Before their leader could get to the floor, a wee woman from Monroeville, Alabama, got the attention of the presiding officer of the conference. Miss Alice Finch Lee went to the microphone to make her maiden speech to the Alabama– West Florida conference of the Methodist Church. Her speech electrified the seven or eight hundred delegates there— I was there. It consisted of five words.
She said: ‘I move the previous question,’ and sat down.
The conference applauded enthusiastically and voted overwhelmingly to support her motion and then adopted the committee report without further debate.
Like a boss.
Video: Robert’s Rules in action in a very NSFW clip from The Wire. “Robert’s Rules say we gotta have minutes for the meetin’, right?”
A canon of mythology has grown up around pursuing work we love, including the ubiquitous charge to “find your passion” and the well-meaning question that was posed to me almost daily in college: “what is God calling you to do with your life?” That mythology puts a ton of unnecessary pressure on people to pick the right work or else miss their God-given calling. And it obscures both the gift and the responsibility we have to work with our lives.
…We are called and suited to particular kinds of work, I believe, and God cares a great deal about how we steward the talents we’ve been given. But we should not expect passion to persist at all times in our work, and we certainly should not conclude that when energy fades so has our calling.
I couldn’t agree more, and his words reminded me of a treasured bit of wisdom from Mike Rowe of Dirty Jobs fame and written for Forbes back in 2008. His piece is called It’s a Dirty Job, and I Love It! and should be read in its entirety, and not just because he talks about castrating a lamb with his teeth. (And you thought budget and finance meetings were unpleasant!)
Here’s the money quote:
In the long history of inspirational pabulum, “follow your passion” has got to be the worst. Even if this drivel were confined to the borders of the cheap plastic frames that typically surround it, I’d condemn the whole sentiment as dangerous, not because it’s cliché, but because so many people believe it. Over and over, people love to talk about the passion that guided them to happiness. When I left high school–confused and unsure of everything–my guidance counselor assured me that it would all work out, if I could just muster the courage to follow my dreams. My Scoutmaster said to trust my gut. And my pastor advised me to listen to my heart. What a crock.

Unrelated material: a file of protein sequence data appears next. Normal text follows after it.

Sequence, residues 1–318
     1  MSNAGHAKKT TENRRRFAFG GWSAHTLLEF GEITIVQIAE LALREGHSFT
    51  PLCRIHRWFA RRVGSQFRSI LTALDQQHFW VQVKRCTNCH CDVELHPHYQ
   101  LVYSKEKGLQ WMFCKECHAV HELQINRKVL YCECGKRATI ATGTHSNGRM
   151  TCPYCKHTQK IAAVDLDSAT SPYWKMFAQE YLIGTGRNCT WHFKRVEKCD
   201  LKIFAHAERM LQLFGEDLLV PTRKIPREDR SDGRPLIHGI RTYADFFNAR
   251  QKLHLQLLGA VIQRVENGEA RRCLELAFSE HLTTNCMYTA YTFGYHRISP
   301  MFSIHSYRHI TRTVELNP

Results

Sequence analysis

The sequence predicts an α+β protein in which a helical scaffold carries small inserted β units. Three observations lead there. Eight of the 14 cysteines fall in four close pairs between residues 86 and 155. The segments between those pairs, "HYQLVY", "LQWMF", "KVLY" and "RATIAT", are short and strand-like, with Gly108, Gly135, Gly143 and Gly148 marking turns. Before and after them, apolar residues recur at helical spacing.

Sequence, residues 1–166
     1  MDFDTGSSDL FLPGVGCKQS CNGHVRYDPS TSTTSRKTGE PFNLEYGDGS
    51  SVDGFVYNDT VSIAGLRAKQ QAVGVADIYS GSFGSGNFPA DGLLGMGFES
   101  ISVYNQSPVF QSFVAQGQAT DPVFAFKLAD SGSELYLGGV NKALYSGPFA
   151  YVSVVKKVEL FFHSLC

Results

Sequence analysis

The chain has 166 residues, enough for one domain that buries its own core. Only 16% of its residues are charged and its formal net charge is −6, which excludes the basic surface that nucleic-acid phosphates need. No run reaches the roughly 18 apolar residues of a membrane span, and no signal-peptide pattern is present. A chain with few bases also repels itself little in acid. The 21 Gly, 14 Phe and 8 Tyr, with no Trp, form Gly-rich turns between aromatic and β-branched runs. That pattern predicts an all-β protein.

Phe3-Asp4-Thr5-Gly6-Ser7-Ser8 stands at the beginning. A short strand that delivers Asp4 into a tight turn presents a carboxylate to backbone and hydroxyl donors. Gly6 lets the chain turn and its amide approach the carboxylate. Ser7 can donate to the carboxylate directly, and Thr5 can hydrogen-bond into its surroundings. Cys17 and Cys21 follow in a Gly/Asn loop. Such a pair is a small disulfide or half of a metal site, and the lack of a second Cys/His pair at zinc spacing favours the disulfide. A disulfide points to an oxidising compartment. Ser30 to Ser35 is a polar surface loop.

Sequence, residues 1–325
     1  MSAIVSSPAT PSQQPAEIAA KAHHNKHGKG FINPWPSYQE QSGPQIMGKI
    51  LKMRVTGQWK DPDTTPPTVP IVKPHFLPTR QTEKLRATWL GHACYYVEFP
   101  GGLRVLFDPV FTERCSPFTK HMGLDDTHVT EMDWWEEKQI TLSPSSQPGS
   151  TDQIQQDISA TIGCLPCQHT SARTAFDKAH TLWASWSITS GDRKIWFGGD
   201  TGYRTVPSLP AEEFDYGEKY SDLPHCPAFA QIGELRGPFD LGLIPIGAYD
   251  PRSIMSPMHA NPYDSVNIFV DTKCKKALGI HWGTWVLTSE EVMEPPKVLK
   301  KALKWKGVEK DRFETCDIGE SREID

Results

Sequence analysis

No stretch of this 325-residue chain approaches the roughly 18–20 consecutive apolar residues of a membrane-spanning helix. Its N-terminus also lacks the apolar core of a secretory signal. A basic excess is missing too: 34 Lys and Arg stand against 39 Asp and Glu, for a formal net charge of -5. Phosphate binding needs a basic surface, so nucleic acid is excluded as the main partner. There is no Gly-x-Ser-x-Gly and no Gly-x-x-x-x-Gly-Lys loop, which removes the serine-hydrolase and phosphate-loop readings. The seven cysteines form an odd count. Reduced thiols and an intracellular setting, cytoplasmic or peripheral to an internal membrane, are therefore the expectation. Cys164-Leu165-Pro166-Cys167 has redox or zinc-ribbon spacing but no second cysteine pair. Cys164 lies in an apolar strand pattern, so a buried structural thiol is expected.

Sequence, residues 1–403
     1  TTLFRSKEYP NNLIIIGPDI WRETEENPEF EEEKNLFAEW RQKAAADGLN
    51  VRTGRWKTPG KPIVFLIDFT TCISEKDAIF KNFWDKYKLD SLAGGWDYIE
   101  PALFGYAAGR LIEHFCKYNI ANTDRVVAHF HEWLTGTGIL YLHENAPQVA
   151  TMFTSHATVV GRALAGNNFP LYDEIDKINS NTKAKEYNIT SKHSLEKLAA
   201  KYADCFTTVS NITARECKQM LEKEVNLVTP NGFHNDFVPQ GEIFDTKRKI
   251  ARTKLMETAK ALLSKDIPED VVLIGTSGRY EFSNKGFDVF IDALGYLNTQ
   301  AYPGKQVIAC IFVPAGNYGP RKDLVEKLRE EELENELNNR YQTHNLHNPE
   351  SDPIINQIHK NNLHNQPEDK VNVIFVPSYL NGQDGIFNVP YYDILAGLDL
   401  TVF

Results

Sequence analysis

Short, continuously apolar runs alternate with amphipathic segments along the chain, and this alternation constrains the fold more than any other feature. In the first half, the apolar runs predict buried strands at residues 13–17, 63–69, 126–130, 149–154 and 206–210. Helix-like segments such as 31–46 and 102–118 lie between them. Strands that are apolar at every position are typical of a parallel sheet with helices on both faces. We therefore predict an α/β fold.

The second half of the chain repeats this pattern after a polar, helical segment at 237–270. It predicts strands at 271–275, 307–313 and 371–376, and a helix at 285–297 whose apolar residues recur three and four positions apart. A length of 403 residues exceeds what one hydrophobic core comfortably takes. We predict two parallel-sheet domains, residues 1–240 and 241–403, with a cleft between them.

Why do we do this? Why do we tell our kids–and ourselves–that following some form of desire is the key to job satisfaction? If I’ve learned anything from this show, it’s the folly of looking for a job that completely satisfies a “true purpose.” In fact, the happiest people I’ve met over the last few years have not followed their passion at all–they have instead brought it with them.
Now this is a little different than Rocky’s point, which is that you can be called to something even if it doesn’t set your world on fire all the time. But the basic point is similar.
I had a great time with an engaging group of Christian educators and pastors in Austin last week, leading a workshop on Spirituality in the Smartphone Age. The folks were funny and thoughtful. They were also fans of technology and its power to connect and edify, so I didn’t have to fight against the “technology is terrible and it’s isolating us and killing our brains” thing you sometimes get. Instead we got to have a nuanced discussion about this world we now swim in. Read more about my approach to that conversation here.